Collaborative divorce aims to assist people who want to end their marriage without breaking up their family. It resolves disputes wherein spouses work together with their respective attorneys to negotiate settlements without taking the case to court. A collaborative divorce is different from traditional divorces because it does not provide a financial incentive to the lawyers to pursue contested issues. If a lawyer involved in a collaborative divorce believes that it is necessary to pursue certain disputes, he or she must withdraw from representing the client. Only the parties involved in the collaborative divorce can go forward with disputable issues, but when they do, the collaborative divorce will end and the lawyers will not be able to represent them anymore.

Is it possible to receive medical insurance benefits from my ex-spouse’s employer after the divorce has been finalized?

It could be possible for you to receive medical insurance benefits from your ex’s medical insurance plan. The Consolidated Omnibus Budget Reconciliation Act of 1985 requires employers who have more than 20 employees to provide medical insurance coverage for three years after the divorce. This is known as a ‘continuation coverage’. Your ex-spouse can be charged for this, however, the employer cannot charge him or her more than 2% of what is charged to the employees usually. This is not automatic, so you will have to contact the employer directly, request the forms and file your application with the employer within 60 days from the date your divorce was granted.

Should you hire an attorney for your divorce?

It is possible to represent yourself in court and not hire a lawyer especially if your divorce is uncontested and there are no children involved. You will always be entitled to that option, even if you have children and there are fault grounds in your divorce. However, if you are pushing through your divorce with many issues and you are representing yourself, it is possible that your divorce will not end the way you had hoped. Some of the issues you have might not be resolved and you could even make mistakes that would impact you for the rest of your life. Hiring an attorney is easy and cost-effective if you think about the risks involved.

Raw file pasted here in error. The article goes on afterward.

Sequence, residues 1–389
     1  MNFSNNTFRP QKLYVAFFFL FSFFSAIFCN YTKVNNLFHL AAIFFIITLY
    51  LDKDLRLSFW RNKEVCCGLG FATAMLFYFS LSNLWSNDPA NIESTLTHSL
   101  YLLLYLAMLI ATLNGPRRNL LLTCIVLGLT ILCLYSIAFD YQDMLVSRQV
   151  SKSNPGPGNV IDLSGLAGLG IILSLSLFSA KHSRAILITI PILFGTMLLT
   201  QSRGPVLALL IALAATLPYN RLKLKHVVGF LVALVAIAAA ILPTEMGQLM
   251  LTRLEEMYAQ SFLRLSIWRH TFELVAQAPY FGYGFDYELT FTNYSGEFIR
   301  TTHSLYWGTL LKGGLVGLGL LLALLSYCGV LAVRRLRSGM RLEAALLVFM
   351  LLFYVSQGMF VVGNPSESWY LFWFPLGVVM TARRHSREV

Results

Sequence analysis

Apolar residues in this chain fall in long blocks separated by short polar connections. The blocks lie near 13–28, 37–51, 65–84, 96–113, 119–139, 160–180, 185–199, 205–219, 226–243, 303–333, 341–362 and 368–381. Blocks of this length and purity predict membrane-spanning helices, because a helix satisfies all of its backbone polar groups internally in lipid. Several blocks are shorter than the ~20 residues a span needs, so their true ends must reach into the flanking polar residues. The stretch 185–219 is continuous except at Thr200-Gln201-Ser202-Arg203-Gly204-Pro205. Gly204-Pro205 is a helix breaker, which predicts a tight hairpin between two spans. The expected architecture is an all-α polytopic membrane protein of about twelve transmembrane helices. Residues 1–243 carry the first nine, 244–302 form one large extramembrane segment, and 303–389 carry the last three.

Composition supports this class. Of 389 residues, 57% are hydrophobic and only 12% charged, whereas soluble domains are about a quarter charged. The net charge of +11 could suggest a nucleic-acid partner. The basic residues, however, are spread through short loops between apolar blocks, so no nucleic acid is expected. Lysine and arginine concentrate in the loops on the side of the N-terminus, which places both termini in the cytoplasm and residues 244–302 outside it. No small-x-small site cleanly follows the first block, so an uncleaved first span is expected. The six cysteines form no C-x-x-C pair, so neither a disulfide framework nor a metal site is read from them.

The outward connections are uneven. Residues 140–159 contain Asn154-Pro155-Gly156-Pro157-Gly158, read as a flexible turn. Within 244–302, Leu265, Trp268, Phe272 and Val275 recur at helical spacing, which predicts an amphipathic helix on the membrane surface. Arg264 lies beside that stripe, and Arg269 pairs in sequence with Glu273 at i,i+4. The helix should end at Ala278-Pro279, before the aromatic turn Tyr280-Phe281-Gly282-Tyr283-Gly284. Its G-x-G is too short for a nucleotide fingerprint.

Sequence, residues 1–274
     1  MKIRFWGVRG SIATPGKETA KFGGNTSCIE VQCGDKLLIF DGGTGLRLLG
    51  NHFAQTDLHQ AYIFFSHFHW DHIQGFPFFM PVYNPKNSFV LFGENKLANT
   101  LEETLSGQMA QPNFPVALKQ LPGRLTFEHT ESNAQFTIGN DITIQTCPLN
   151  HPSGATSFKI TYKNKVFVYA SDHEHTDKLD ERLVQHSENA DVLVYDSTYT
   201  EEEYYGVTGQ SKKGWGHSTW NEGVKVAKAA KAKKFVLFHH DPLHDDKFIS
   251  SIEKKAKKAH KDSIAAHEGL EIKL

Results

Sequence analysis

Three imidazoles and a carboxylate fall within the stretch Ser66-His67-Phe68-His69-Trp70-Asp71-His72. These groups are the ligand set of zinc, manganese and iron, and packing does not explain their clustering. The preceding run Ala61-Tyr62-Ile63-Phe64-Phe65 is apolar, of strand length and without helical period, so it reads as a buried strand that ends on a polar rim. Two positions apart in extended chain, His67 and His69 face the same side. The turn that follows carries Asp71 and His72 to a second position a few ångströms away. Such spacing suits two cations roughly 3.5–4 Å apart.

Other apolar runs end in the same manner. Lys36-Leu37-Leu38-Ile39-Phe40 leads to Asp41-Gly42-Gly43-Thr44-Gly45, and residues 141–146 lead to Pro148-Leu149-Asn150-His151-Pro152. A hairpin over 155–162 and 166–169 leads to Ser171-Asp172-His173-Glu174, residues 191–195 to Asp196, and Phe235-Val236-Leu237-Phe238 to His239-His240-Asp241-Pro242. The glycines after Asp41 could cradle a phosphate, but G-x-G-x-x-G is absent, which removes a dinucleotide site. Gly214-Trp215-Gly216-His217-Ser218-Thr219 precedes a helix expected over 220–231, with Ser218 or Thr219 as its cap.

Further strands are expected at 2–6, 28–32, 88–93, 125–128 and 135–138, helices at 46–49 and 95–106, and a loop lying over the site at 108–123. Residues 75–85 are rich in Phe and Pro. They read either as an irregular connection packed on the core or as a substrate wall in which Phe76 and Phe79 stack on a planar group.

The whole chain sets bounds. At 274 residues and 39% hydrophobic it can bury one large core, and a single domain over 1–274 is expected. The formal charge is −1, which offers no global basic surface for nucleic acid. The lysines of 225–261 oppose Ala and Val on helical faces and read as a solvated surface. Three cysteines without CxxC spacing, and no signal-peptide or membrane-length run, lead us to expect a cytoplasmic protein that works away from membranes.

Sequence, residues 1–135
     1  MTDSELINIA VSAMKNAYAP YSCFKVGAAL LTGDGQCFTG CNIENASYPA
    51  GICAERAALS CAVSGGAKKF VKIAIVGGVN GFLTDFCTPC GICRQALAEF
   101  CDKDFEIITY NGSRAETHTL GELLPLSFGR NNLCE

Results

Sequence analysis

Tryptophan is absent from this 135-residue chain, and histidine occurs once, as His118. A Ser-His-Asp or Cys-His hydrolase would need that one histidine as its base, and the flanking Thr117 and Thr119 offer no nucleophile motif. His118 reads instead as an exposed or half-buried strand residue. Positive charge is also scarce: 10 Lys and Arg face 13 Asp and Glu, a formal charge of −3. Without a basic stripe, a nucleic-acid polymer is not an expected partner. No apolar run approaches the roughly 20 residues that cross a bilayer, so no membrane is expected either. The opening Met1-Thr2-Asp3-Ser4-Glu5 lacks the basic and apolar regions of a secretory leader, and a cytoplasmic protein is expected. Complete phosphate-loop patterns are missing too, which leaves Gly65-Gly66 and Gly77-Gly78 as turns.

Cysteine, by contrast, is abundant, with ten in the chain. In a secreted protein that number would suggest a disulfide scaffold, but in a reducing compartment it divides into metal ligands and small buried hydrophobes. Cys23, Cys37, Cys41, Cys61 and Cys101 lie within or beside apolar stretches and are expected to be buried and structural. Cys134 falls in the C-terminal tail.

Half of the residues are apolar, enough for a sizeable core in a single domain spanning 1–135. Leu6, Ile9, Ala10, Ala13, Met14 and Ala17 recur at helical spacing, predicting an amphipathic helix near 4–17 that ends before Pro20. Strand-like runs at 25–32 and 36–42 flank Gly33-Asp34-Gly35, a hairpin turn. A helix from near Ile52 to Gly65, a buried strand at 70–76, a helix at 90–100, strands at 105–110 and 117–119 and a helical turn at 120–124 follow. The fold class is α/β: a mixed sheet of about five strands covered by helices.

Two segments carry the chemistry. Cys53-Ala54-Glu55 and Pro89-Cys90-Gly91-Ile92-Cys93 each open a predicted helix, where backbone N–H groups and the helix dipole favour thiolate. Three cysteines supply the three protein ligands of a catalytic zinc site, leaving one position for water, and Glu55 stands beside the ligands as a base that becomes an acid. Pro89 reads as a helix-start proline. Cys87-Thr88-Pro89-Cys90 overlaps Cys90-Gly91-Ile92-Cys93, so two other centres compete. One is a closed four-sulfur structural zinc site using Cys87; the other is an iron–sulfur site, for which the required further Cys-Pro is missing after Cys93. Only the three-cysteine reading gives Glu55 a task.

How can I reduce divorce costs?

Preparation is the key to reducing divorce costs. Depending on the circumstances surrounding your divorce, you can prepare many things. For instance, for separation of property, your attorney can help you prepare the necessary documents such as a list of your assets, income, debts, mortgages, bank accounts, insurance policies, cars, real estate and business. You need to list everything including the ones you own individually and the ones both you and your spouse own. You will also need to list when the properties/assets were acquired, as well as your income tax returns.

Grounds for Divorce

What does ‘grounds for divorce’ mean?

Grounds refer to the reasons for divorce. There are reasons for divorce that are recognized judicially in Texas, which must be used to justify a divorce.

What are the recognized grounds for divorce in Texas?

In Texas, courts can grant a divorce due to conflict of personalities and marital discord. There are also ‘fault’ grounds for divorce. Fault grounds are grounds which one party is responsible for. These grounds can include adultery, cruelty, conviction of a felony, living apart for more than 3 years, confinement in a mental hospital for at least 3 years, and abandonment.